Are video games screwing kids up?
This is a post I made in response to the following Facebook post and comments
Umm. I feel like I gotta hop in and support video games, pop culture, and technology for a moment (judging from my history of long-windedness, it may be a long moment lol).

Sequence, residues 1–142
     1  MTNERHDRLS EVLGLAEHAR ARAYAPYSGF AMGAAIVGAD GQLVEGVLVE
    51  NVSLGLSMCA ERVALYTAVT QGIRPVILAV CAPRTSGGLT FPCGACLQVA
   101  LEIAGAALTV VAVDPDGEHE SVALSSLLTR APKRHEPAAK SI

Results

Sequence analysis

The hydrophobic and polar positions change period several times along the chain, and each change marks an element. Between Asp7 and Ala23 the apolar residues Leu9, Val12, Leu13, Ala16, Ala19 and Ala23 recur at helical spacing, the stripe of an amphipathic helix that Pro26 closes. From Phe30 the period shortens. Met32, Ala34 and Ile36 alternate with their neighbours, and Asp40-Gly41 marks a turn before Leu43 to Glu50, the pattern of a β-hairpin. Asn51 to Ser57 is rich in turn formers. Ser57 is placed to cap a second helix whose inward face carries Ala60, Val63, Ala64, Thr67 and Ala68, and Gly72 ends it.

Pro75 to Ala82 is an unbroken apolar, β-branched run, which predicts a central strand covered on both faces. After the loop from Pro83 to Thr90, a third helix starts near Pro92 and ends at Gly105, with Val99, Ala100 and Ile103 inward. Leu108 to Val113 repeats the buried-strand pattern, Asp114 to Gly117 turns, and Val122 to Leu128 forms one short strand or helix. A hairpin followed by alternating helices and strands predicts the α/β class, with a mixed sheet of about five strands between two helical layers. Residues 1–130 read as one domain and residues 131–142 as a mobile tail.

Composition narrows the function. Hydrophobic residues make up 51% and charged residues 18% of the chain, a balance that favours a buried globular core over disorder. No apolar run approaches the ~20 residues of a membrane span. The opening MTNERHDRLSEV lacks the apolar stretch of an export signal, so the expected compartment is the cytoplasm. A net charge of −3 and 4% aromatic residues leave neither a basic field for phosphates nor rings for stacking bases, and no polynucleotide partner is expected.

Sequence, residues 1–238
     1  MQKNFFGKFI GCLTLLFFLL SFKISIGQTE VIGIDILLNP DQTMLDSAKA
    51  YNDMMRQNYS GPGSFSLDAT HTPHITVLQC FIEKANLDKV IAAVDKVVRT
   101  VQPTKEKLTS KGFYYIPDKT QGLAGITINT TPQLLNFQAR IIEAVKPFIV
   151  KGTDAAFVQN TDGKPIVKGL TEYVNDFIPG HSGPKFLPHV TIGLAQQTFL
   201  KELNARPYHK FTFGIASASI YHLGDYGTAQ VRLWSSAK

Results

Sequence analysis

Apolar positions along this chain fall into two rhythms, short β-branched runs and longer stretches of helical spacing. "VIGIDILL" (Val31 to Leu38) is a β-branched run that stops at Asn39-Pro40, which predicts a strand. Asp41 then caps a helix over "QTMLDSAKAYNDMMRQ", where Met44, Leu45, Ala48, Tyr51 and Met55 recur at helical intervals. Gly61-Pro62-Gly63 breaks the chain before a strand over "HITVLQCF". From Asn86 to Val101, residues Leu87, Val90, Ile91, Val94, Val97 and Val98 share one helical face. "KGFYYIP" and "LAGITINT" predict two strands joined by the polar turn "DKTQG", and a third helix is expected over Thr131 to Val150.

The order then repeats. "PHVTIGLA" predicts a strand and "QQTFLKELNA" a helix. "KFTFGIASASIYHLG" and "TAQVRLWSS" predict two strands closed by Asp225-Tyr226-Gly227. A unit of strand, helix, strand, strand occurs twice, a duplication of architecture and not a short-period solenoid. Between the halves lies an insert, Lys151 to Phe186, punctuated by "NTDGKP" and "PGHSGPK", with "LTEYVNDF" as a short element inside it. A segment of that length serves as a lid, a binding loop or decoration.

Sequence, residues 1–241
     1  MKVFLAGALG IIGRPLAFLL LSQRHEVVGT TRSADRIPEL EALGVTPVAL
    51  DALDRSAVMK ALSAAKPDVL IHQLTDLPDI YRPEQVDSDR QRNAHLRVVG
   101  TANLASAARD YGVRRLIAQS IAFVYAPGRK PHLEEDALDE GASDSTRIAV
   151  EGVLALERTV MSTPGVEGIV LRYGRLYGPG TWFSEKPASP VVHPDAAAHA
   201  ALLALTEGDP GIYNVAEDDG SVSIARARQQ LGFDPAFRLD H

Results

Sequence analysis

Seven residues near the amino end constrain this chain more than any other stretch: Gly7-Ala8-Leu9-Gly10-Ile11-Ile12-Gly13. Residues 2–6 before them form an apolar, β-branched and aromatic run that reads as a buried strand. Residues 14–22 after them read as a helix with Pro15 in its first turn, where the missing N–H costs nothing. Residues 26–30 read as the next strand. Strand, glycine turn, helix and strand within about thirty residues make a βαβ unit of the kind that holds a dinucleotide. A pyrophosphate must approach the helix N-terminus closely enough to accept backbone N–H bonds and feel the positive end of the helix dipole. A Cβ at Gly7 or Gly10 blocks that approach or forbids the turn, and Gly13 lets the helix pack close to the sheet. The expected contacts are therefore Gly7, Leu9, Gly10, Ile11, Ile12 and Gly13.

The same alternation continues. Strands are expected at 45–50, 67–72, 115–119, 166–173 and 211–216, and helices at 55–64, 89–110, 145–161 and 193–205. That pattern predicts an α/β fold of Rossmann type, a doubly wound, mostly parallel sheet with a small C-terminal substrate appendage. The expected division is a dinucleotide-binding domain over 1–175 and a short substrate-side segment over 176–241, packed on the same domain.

Seems like there's some critiques of these things, video games in particular, that are coming from people who only pay attention to them in a peripheral sorta way — and jumping to conclusions due to hearsay (usually by others who're also unversed in that culture), guesswork, and the need for easy scapegoats for complex problems. I know how absurd and extreme it is to compare this to something as dangerous as racism, but both do appear to stem from a similar way of problem solving and non-critical thinking. Because both involve being unhappy with the direction of society and then perpetuating an ill-informed opinion about an entire group or culture that you aren't very familiar with (the equivalent group I mean is games themselves, not gamers), zoning in on what you perceive is the negative of that group, and jumping to a conclusion that "they're to blame" because of this outsider way of thinking. This same kinda cultural scapegoating on why the youth is ruined has been going on sense beatniks and rock and roll music in the 50s, to comic books, to NWA and Grand Theft Auto in the 1990s and 2000s. Every generation thinks the youth is more corrupt and deplorable than the last, and they try to zero in on whatever they can in order to make sense of it. Probably because the human mind is made so uncomfortable by encountering dilemmas that it doesn't have solutions to (there have been several scientific studies on this weird thing about people, showing how suceptible we are to jumping to even the wildest conclusions because of our genetic need to have an answer of some sort, even a bad answer, when faced with "an unknown" — this likely plays a big role in the tendency to believe in the supernatural and conspiracies).